One of our clients, an energy company in the GCC, wanted to introduce RACI in order to clarify roles and enhance accountability. Multiple approvals were required to execute even simple processes, many of them going all the way up the line to approval by the senior team and even to the CEO. When the joint venture was a start-up, this model of decision-making was appropriate, but now that the business was poised for explosive growth, this consensus culture was too slow and jeopardized their growth. Making this change required that people at much lower levels of the organization be allowed to make decisions, so the senior leaders needed to let go. And middle managers needed to be willing to accept the accountability—and the risk—that come along with making decisions themselves. It was a significant culture shift for the company to change the way it made decisions.
As we prepared to write Leading Successful Change, Greg Shea and I reviewed 20 years of research on organizational change and discovered a depressingly consistent statistic: 50-75% of change initiatives fail. What does this mean? It means that in spite of the investment of tremendous energy, resources and time—and sometimes consulting dollars, too—a company did not get the benefits and the business outcomes that it was seeking. Culture change efforts had the highest rates of failure.
Your job, as the sponsor of an internal change initiative, is to end up on the right side of that statistic.
Here are two ways to do that:
1. Create internal champions
If you are facing transformative change, you will want to create a group of internal champions. You need support for your initiative in every department as well as people “on the ground” throughout the organization who have a deeper understanding of why this change is important. This energy company created a group of RACI champions who were actively involved with the RACI Solutions consultants during the project and who were equipped to carry the work forward once we left.
2. Double down on designing your change
When the changes you want to make involve people giving up old familiar roles and comfortable behavior, you’ll need to double down on your change design and change management efforts from the beginning.
Successful change requires two things—first, a thoughtful DESIGN of the change so that what you are creating makes sense to people. It also requires that you be able to EXECUTE the new design once you are satisfied with it. Some changes are popular and easier to execute. Others are not. If the change you are promoting will distress people, you want to involve a broader group of stakeholders in the planning and design. Click here for "A Brief Guide to Participative Design."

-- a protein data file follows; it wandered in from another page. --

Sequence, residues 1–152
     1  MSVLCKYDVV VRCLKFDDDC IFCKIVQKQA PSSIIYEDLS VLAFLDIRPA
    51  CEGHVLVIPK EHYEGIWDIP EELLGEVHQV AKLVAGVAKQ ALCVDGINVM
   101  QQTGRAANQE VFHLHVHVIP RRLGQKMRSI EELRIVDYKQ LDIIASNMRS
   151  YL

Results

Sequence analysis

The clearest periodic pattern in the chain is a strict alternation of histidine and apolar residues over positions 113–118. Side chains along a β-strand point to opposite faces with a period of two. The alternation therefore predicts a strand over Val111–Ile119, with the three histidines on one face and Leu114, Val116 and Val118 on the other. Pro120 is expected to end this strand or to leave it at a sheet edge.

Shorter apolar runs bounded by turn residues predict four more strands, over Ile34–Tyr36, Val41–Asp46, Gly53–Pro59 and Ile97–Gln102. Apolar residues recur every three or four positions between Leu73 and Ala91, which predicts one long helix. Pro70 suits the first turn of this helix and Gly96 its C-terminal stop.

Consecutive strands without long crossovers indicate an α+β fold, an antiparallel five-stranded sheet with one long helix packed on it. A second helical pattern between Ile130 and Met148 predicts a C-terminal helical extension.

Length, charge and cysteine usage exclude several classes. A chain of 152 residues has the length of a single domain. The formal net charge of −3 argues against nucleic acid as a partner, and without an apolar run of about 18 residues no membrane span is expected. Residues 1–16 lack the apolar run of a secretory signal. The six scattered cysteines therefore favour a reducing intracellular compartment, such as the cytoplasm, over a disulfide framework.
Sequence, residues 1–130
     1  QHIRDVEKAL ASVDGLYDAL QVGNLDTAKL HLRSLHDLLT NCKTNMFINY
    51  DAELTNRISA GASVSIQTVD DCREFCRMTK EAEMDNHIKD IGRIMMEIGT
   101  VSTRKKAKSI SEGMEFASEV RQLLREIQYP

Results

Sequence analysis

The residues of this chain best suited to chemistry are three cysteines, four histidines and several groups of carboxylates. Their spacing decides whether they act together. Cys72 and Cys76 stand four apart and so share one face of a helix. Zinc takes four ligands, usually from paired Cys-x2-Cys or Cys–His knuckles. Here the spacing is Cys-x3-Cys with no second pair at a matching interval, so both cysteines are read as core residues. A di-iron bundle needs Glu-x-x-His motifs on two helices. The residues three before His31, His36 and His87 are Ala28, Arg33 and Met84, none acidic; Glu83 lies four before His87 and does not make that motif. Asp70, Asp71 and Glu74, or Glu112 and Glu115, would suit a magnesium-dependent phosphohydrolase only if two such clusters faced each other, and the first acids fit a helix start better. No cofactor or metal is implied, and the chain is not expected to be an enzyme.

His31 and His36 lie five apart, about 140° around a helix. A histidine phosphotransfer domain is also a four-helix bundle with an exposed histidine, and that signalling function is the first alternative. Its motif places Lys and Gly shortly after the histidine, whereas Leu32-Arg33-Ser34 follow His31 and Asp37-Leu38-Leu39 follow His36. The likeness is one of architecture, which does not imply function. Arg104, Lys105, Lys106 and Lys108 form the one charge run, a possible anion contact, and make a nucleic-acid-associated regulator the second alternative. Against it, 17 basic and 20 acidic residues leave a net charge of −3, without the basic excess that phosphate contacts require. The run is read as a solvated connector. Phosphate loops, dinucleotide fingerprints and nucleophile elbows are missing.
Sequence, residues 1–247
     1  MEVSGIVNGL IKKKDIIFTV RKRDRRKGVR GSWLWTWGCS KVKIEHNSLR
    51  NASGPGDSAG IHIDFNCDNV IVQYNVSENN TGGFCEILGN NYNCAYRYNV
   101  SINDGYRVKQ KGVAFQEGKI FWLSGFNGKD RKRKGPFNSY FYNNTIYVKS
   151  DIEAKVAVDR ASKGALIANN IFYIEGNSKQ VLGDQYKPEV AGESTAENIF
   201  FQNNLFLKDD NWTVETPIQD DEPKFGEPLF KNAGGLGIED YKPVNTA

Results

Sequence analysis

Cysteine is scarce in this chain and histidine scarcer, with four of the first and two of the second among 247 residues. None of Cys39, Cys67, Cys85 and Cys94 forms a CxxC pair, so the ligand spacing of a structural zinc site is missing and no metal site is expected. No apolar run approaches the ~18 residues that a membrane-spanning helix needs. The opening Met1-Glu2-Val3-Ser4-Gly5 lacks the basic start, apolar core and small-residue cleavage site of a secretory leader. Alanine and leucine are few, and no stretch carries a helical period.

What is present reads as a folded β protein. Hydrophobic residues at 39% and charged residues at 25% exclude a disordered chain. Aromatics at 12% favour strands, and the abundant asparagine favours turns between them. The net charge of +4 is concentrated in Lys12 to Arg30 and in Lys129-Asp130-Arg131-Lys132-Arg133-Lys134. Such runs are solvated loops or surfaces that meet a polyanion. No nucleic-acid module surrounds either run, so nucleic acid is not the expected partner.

At this energy company, we invited one person from each department that would be effected and involved them in designing the change from the beginning. Having a change agent present in each department will amplify the communications you create, by giving you a representative there. The champion can transmit important information to their group, but they can also bring valuable information back to you. Think of them as your change agents, reaching into every corner of the organization.
In the GCC, these internal champions were involved in the project for over a year. They participated in managing the change and tracking its progress. We gave them the tools they needed to measure the effectiveness of the initiative—its own KPIs—and they met quarterly with the project’s sponsor.
Culture change is notoriously difficult. To be successful, you need to create a comprehensive systems-based design that moves people through the changes gradually over time. And you can’t push a culture change from the top down. Instead, you need internal champions who are committed to the new way of working and will bring others along with them.
For more insight into creating participative change initiatives, download “A Brief Guide to Participative Design.”